Bull City Venture Partners is the exact opposite of luxury, and its patrons approve

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Bull City Venture Partners is the opposite of screaming. A 20-year-old generic venture capital firm only invests in two to four companies each year. He mainly invests in founders who have been to the block at least once, trying to catch them as early as possible on their new adventure. And from its headquarters in Durham, North Carolina, it primarily invests in East Coast startups located between Philadelphia and Atlanta.

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Investors seem to approve of his deliberate approach. According to the firm’s founder Jason Caplain, the company has just closed a $50 million capital commitment for its fourth fund, roughly double the size of its previous fund, itself a big step up from the firm’s first two funds ($15 million). dollars and 5 million dollars). , respectively).

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This is not the kind of rapid growth that industry observers have been accustomed to seeing in recent years. Kaplan insists that’s the point. “We’re driven by the carry,” he says, referring to the profit the venture capital firm makes from its bets on success. “We’re not asset pickers” who live off management fees.

From the looks of things, Bull City is holding on, having found a slight vacuum in the market at launch. Indeed, Caplain, a Massachusetts native who moved to Durham in the late 90s to work for Red Hat, says he decided to start a venture capital firm in part because Red Hat reached out to investors far away in California (Benchmark and Greylock) before she was closed. public in 1999.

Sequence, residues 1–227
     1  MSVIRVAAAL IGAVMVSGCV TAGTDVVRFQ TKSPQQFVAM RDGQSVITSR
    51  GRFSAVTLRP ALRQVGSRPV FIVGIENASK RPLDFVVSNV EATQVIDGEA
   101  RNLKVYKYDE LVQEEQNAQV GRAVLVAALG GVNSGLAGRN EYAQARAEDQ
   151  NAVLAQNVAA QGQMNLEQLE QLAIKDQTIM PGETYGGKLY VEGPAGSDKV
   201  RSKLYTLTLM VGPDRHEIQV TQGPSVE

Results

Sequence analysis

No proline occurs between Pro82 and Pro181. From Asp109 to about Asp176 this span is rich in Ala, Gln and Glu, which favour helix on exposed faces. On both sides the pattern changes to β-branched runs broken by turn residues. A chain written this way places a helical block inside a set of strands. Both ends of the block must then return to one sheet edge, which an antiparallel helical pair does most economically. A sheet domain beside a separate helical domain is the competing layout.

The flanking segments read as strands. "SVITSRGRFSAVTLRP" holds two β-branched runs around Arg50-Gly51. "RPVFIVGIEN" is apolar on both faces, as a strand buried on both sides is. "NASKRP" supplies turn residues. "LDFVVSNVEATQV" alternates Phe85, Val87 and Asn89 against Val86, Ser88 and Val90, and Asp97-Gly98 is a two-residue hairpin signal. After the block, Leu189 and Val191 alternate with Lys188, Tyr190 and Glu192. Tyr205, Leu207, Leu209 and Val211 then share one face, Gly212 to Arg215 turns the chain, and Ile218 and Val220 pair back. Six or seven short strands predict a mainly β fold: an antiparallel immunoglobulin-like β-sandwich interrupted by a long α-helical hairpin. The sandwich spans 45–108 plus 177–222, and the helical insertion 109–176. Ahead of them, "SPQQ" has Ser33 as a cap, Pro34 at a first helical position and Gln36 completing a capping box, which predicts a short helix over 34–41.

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“Originally, the goal was to create a fund where future Red Hats could raise capital,” says Kaplein, who has received money over the years from Red Hat’s former CEO, COO, head of engineering and head of business development. (Before Red Hat was acquired by IBM in 2019, the company itself invested in the previous Bull City fund.)

Today, the firm remains largely focused on local companies, many of which are created by employees of regional giants such as Epic Games and SAS Institute, a 40-year-old analytics giant that reportedly plans to go public by 2024.

But Kaplen was joined by a longtime partner David Joneswith whom he runs the firm (they also brought on board a newer addition, Michael Lee, last fall) — says the partnership is now more broadly focused on the East Coast and that 10% of the time it invests even further. For example, in 2020 the firm co-led the seed round from LaunchNotes, a San Francisco firm, due to an earlier relationship with its founder, Tyler Davis.

The strategy is paying off, Kaplein says. While the Bull City portfolio has been a while since the portfolio company went public, several years ago it included multi-channel for-profit company ChannelAdvisor (which had an IPO in 2013) and Motricity (which went public in 2010, and a few years later was transformed into another company). after weak results) – many portfolio companies have been acquired in recent years. Among them is Durham-based e-commerce marketplace Spoonflower, which was sold to Shutterfly last August for a listed price. $225 million. Kaplan suggests that Bull City also saw good returns from its 2019 acquisition of VividCortex for performance management to SolarWinds for $117.5 million.

It’s not really that we’re leaning towards more startups based on that momentum. TueWhile the firm just doubled the size of its previous fund, it plans to continue to invest between $250,000 and $2 million in start-ups initially, predominantly in companies that generate at least $25,000 in revenue per month. In addition, from time to time he will withdraw checks from a mature, self-developing company.

In even rarer cases, he will spin a special car. (Caplain says this has been done twice to date.)

The only thread, according to Kaplan, is the founding team, “which makes me want to quit my job and go there,” and who need—and want—the firm’s help in the future.

“We can’t differentiate by check size, so our competitive edge is to be a great partner and ensure that the founders we work with have an incredible experience with us. We want them to recommend us and come back to us when they open their next company.”

Above is the Bull City Venture Partners investment team, which includes (left to right) Michael Lee, Jason Caplain and David Jones.

Credit: techcrunch.com /

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